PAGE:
Not Your Average Joe's restaurants hit with data breach

October 24, 2007

Boston Business Journal

Massachusetts restaurant chain Not Your Average Joe's issued a statement Tuesday that said its Massachusetts restaurants were targeted by an individual or individuals seeking to illegally obtain credit card data.

"We are shocked that this has happened and are taking the situation very seriously," the statement, which was published on the company's Web site, read. "We sincerely apologize to our customers for any inconvenience that this issue may cause them. We take this issue seriously, and want our customers to understand how they may be impacted."

The Dartmouth, Mass.-based chain said an external investigation into the cause and impact is still on-going.

"The activity occurred largely between early August and late September; there has been no evidence of any fraudulent activity subsequent to September 29," the company said. "Based on preliminary conversations with the credit card companies, it appears that this issue has impacted significantly fewer than one percent of the nearly 350,000 customers we served during that period. Investigations indicate that no member of the Not Your Average Joe's staff was involved."

The company did not offer further details about how the data was accessed.

"There are several layers of security an organization needs to put in place to protect sensitive information and ensure that only the right people have access to it," said Brian Cleary of Aveksa Inc., a Waltham, Mass.-based security software firm. "Someone outside the network obviously found a flaw or an open-door in order to be able to get to that information."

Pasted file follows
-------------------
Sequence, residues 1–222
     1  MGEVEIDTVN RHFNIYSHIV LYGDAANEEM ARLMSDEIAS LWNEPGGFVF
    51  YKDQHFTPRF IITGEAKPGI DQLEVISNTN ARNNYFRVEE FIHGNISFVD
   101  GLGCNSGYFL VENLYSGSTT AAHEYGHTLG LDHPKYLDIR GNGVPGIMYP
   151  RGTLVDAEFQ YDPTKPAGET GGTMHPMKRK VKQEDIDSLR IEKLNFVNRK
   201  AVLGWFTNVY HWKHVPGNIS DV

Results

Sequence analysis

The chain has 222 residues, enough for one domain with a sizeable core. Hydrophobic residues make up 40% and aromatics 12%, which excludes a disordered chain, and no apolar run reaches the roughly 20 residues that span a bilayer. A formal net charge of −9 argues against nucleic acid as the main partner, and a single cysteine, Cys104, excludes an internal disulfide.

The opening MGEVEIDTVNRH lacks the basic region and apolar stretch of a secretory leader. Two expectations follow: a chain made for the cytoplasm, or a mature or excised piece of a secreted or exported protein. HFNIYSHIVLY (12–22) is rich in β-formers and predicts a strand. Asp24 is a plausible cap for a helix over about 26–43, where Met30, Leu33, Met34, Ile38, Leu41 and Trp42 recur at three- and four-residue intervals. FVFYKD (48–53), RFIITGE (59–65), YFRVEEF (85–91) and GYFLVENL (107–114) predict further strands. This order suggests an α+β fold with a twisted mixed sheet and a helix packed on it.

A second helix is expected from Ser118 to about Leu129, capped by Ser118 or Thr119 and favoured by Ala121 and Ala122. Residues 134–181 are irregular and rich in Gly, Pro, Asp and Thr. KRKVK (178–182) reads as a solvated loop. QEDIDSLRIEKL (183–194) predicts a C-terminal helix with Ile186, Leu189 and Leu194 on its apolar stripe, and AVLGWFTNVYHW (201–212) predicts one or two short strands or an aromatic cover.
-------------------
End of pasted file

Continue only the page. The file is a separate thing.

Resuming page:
Not Your Average Joe's said the data that was compromised only includes credit card numbers, expiration date and name associated with the card.

"Not Your Average Joe's does not have any other identifying data; therefore, no risk of identity theft associated with this issue exists," the statement said.

Any leak of sensitive information brings with it the potential for identity theft, said Cleary.

"I think of it as a combination lock," said Cleary. "If you need three digits and you already have two, it is very possible to go somewhere else and get the missing piece needed to access someone's personal information."

Not Your Average Joe's has also posted a Q&A section on its Web site for customers who have questions about the data breach.

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